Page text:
GOOD CARBS FOOD FACTS
Milk and other nutrient-rich dairy products such as yoghurt and cheese are one of the most affordable sources of nutrition. They provide us with energy, protein and carbohydrate; and with minerals including calcium, potassium, phosphorus; and vitamins A, D and B12, riboflavin, and niacin. While milk a valuable source of nutrients for young and old alike, it is very easily overconsumed. So, think of it as food in liquid form. The recommended intakes vary for different ages and stages of life, but for healthy, non-pregnant adults around 250–450ml of low-fat milk a day is suitable. For children, reduced fat dairy foods are recommended from two years of age.
Lactose, the sugar that occurs naturally in milk, is digested into glucose and galactose by the enzyme lactase found in the small bowel of all mammals at birth (apart from those born with lactase deficiency). A person without enough lactase has digestive problems when they consume foods and drinks that contain lactose. About a third of the world’s population continues to produce lactase throughout life. The rest don’t. However, there are many lactose-free milks on the market, so there’s no need to go without calcium-rich dairy foods. Some people who are lactose intolerant find they can enjoy yoghurt because the micro-organisms added to milk to make yoghurt breakdown lactose – in other words, the “bugs” help do the job of lactose digestion for you. People with lactose intolerance can eat cheese because it is made from milk solids (curd); the lactose-rich whey has been drained off during the early stages of processing.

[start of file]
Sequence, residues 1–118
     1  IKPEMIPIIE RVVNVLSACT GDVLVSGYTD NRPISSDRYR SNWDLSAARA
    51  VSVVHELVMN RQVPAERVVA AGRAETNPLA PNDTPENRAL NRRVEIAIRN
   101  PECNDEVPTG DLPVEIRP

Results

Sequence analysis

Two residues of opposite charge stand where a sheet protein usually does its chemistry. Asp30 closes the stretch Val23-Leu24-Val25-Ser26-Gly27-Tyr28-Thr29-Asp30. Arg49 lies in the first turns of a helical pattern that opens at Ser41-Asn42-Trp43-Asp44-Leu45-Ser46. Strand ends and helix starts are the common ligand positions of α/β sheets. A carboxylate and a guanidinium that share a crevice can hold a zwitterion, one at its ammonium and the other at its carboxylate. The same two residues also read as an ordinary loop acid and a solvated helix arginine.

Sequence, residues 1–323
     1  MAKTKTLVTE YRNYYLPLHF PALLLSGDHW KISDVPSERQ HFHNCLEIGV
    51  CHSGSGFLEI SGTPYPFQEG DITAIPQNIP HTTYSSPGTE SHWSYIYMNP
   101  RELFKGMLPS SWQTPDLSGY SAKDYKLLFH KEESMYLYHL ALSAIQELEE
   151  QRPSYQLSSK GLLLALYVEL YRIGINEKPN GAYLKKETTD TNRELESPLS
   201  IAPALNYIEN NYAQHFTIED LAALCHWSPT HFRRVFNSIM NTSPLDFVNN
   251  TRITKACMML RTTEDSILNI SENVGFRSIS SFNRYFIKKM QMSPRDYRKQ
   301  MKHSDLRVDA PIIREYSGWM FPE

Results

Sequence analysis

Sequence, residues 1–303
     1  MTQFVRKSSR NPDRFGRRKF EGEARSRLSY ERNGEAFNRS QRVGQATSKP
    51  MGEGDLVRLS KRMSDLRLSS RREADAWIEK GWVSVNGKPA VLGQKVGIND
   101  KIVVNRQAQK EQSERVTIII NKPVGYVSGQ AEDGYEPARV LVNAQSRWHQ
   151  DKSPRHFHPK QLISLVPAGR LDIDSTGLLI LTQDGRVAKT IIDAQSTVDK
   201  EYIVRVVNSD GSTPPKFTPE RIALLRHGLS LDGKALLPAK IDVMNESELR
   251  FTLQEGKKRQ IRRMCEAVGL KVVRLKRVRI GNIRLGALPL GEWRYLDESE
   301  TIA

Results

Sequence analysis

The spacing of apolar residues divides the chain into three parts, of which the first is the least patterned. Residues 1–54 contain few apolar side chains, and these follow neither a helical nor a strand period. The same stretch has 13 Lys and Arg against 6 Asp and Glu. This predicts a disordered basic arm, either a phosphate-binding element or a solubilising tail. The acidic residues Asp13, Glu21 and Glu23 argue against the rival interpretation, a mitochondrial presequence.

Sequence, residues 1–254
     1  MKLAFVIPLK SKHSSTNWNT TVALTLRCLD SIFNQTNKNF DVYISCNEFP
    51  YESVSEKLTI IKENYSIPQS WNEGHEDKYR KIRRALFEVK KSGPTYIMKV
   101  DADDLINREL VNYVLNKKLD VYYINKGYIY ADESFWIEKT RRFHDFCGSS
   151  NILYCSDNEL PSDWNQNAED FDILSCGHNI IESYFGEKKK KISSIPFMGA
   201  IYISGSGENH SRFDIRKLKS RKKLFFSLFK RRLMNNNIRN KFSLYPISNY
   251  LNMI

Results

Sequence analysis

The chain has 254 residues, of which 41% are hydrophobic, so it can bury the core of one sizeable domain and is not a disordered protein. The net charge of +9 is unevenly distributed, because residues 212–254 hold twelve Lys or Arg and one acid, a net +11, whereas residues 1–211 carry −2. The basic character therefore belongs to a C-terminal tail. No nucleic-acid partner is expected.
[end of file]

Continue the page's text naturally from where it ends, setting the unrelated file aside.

Calcium is essentially why dairy foods are recommended throughout childhood and beyond as it’s the key to strong healthy bones. But dairy milk is not for everyone. If you are lactose intolerant, have a milk allergy or eat only plant foods, non-dairy options that will boost your calcium intake include almonds, brazil nuts, sesame seeds, dried figs, dried apricots, soybeans, dark leafy greens, dried legumes, Asian greens such as bok choy, calcium-enriched tofu and calcium-fortified breakfast cereals.